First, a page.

Too much oil, with nowhere to put it
Brent is a seaborne crude allowing traders to easily ship it to areas of higher demand. Amrita Sen at Energy Aspects said: “With Brent you can put it on ships and move it around the world immediately. Storage tanks at Cushing, however, will be full in May.”
WTI contracts for delivery in June lost 14.7 per cent but held above $20 a barrel, though traders warned it could face further losses. Both benchmarks traded above $65 a barrel as recently as January.
Stephen Schork, editor of oil-market newsletter The Schork Report, said he expected access to storage capacity in the US to be exhausted within two weeks — and cautioned that the collapse of the country’s oil consumption was accelerating.
“It just gets uglier from here,” Mr Schork said, adding that sharply rising unemployment numbers meant fewer and fewer Americans would be driving, hurting petrol demand even during its peak summer months.
“This summer is dead on arrival. The biggest demand months are not going to happen,” he said.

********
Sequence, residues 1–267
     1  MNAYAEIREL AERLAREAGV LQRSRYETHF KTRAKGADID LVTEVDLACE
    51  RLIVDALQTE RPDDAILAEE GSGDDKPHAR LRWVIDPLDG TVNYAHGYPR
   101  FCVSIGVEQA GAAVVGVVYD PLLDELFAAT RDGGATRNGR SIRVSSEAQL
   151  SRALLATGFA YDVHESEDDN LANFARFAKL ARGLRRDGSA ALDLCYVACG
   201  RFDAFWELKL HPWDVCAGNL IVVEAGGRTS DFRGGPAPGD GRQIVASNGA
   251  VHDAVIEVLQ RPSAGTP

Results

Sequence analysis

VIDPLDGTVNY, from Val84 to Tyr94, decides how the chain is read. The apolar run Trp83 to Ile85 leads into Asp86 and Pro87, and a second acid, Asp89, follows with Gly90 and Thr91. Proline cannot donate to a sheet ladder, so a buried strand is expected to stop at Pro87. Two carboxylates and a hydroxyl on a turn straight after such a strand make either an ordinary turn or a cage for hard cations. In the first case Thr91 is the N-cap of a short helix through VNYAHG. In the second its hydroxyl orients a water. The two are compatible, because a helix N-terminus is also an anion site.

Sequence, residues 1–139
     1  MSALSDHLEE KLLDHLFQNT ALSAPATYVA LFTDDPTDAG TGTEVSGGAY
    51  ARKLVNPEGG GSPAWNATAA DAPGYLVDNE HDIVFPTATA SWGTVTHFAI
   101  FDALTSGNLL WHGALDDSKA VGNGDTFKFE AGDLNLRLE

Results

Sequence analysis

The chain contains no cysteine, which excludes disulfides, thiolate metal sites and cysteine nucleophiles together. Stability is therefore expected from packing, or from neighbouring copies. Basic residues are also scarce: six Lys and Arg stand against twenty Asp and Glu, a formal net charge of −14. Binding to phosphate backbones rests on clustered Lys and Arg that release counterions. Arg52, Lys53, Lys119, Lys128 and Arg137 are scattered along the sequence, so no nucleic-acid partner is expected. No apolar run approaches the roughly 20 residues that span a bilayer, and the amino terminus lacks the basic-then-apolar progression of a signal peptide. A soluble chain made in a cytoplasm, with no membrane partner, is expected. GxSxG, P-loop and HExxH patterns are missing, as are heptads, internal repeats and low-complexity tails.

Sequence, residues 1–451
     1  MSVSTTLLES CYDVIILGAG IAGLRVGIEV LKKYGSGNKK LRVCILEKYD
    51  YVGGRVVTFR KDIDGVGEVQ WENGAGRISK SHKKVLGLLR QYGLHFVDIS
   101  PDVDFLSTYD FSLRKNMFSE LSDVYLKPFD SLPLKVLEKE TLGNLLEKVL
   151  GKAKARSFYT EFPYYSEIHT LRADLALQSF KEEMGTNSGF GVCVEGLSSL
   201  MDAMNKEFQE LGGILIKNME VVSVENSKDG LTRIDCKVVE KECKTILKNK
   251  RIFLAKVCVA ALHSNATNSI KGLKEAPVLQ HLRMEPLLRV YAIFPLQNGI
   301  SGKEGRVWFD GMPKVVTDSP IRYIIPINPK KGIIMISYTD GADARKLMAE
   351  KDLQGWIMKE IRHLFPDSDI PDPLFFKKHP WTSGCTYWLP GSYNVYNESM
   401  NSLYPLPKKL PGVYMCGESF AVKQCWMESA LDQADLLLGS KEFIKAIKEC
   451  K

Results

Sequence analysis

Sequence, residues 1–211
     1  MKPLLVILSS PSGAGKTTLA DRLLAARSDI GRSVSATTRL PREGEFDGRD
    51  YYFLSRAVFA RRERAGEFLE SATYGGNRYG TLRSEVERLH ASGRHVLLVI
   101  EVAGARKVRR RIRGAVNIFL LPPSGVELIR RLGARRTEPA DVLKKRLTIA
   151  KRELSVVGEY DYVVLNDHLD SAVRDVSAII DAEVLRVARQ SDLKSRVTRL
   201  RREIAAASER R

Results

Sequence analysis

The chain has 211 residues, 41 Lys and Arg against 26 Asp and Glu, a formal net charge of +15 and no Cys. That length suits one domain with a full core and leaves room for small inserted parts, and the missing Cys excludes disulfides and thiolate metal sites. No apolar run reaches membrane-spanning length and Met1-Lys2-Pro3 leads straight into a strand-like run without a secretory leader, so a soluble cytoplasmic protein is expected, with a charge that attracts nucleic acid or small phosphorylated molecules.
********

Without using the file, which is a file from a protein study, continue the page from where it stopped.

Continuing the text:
Prices for physical grades in many North American regions have fallen into the low single digits reflecting a dearth of buyers able to take delivery of oil, even as prices for later contracts have held up marginally better due to some investors betting on an eventual rebound.
Dealers speculated that traders who had successfully leased storage were putting pressure on rivals without access to tank farms. That could allow them to snap up ultra-cheap oil for their storage tanks, before locking in much higher prices in the futures market, essentially being paid to take oil and then selling it a month later for more than $20.
Traders said contracts for later delivery were being propped up by hopes the worst of the demand destruction could be passed by the summer, if lockdowns and travel bans are eased. But others are questioning whether the record-breaking gaps between cash trades and contracts for later delivery are sustainable.
Crude prices have plummeted this year on the possibility that the coronavirus outbreak will cause a deep global recession. The number of Covid-19 infections worldwide topped 2.4m as of Monday, according to data from Johns Hopkins University, with more than 165,000 people dead.